Analysis | Harpaz Affair |

The Real Issues Behind the Criminal Probe Into a Former IDF Chief

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For the first time in the country's history, Israel will see a police investigation launched into a former Israel Defense Forces chief of staff. The issue to be probed is the one at the nexus of the work of Lt. Gen. (res.) Gabi Ashkenazi as chief of staff – his relationship to the political officials in authority. That is the real significance of the statement by the Justice Ministry Thursday regarding the expansion of the investigation into the Harpaz document. Underneath the complex legalese hides a real bomb tossed at Ashkenazi’s doorstep.

For many months, we were told by the best pundits that this affair was over: the public had had enough of the troublesome details; none of those involved were faultless; the truth in any case would never come out and it’s better to leave behind these boring stories of intrigues at the IDF headquarters, and move on. But now, on the instruction of Attorney General Yehuda Weinstein, we can assume that, upon learning its details, it would turn out that the story is still a matter of public interest.

Weinstein did not make his decision lightly. Quite a bit of less-than-moderate pressure had to be brought to bear by the military advocate general, Maj. Gen. Dan Efroni, to get the attorney general to make a decision. This was finally obtained in the last of a series of meetings on Thursday. The unholy alliance between the two gatekeepers – the attorney general and the new state comptroller, Yosef Shapira, did its best so the investigation would not go back to the criminal realm. Weinstein and Shapira, who inherited the state comptroller’s report on the matter from his predecessor, Micha Lindenstrauss, treated the Harpaz case like leprosy, from which one should keep as far away as possible. If Weinstein was forced to return the case to the police, we may assume that the suspicions presented were substantial.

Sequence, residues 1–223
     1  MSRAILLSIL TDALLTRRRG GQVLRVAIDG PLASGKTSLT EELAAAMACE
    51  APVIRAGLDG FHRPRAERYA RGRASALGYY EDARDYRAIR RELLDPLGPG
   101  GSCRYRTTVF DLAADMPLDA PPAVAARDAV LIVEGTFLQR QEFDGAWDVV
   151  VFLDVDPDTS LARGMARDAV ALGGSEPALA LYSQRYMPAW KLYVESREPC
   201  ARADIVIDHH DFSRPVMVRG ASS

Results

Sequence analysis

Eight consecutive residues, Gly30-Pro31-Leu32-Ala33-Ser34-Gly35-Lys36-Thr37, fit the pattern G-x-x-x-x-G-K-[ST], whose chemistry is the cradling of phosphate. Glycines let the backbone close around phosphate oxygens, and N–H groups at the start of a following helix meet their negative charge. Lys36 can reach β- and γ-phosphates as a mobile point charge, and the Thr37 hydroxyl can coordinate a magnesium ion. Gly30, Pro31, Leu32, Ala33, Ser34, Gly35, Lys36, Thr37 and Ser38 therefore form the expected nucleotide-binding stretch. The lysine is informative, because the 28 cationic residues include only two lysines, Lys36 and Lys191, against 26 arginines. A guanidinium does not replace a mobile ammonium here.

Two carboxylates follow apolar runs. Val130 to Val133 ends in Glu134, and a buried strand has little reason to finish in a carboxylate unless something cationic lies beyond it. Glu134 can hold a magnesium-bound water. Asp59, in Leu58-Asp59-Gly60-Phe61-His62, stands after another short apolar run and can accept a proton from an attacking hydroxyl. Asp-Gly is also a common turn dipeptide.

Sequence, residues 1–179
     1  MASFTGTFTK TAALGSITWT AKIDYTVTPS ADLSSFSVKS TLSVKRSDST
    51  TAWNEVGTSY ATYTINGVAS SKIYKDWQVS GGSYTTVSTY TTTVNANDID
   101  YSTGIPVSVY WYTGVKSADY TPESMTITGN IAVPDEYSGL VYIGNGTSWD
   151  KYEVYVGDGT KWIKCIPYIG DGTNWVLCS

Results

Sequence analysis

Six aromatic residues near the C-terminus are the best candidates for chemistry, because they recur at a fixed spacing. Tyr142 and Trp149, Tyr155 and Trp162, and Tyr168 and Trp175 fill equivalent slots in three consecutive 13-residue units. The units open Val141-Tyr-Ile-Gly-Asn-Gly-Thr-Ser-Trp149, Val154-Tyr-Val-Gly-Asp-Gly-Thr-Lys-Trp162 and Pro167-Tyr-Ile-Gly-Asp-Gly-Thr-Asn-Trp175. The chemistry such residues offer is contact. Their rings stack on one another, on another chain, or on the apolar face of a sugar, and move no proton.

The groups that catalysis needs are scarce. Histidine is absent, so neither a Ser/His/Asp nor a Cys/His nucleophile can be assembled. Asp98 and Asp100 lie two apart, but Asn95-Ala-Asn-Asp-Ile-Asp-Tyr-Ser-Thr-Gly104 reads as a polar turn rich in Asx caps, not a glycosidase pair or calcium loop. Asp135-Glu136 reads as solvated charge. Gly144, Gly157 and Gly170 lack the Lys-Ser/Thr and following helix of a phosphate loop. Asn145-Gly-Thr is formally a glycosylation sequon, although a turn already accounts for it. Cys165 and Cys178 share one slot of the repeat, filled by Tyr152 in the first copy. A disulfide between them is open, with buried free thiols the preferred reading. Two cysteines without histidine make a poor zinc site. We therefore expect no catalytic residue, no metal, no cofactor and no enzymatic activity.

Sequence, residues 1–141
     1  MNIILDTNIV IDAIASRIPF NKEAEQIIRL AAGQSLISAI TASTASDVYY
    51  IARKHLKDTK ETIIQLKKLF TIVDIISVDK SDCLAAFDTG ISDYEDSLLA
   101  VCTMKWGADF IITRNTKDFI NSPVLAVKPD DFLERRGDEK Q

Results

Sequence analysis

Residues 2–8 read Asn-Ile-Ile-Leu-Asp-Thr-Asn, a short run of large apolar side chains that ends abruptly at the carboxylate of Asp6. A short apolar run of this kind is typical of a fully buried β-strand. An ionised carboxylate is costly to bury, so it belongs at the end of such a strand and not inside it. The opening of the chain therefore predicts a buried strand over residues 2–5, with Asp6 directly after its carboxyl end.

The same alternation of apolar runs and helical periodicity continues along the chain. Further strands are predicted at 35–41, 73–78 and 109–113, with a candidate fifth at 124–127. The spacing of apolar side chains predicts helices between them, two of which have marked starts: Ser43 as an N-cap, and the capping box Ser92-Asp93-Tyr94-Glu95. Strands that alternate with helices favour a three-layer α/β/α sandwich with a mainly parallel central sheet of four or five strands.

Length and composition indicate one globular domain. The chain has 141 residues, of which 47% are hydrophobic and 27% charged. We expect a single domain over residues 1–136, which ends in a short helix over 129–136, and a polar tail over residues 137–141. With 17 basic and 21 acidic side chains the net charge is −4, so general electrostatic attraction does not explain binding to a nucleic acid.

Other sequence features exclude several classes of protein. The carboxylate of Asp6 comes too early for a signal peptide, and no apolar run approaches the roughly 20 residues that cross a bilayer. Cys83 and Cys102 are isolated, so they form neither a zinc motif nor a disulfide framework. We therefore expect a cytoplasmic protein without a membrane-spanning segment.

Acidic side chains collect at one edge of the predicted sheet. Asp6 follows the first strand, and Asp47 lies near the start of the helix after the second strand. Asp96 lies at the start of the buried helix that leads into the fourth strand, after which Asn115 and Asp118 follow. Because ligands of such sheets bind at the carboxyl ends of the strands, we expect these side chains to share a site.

The attorney general’s statement suggests that the investigation has moved from the realm of the military code of justice to the penal code. There, the discussion will be about suspicions of alleged fraud and breach of trust. There may also be suspicions of obstruction of an investigation and of justice. At the heart of the affair, as the final state comptroller’s report revealed last January, is the question of the collection of the defamatory material by the chief of staff’s aide, Col. Erez Weiner, and the forger of the document, Boaz Harpaz - Ashkenazi’s close associate (the former chief of staff was not himself involved in the forgery or in leaking the document to the press).

The target of the new probe is Ashkenazi and not Weiner, whose investigation could have been handled by the Military Police alone. Weinstein acted under threat of the petition to the High Court of Justice, submitted by the Movement for Quality Government and demanding a criminal probe. The hearing on the petition has been scheduled for September and the state would have had a hard time explaining why it had refrained from launching such an investigation despite the mounting ostensible suspicions.

The Military Police probe itself was confidential, but it seems to have centered on the battle between Ashkenazi’s bureau and that of former Defense Minister Ehud Barak, and on claims that government officials had been undermined. A good deal of the struggle between the two men’s offices took place in the media, and involves the relationship between Ashkenazi and his spokesman with journalists. This, of course, is a particularly problematic area for the police to look into. It is to be assumed that the investigators will tread carefully there, whether to avoid impairing freedom of the press or out of the reasonable expectation that the police will subsequently face a settling of accounts. Efroni, a determined and honest man, whose picture in uniform should appear next to the meaning of the word “square” in the dictionary, has been bracing himself since Friday. He probably will soon have to hear more baseless claims that he is Barak’s messenger.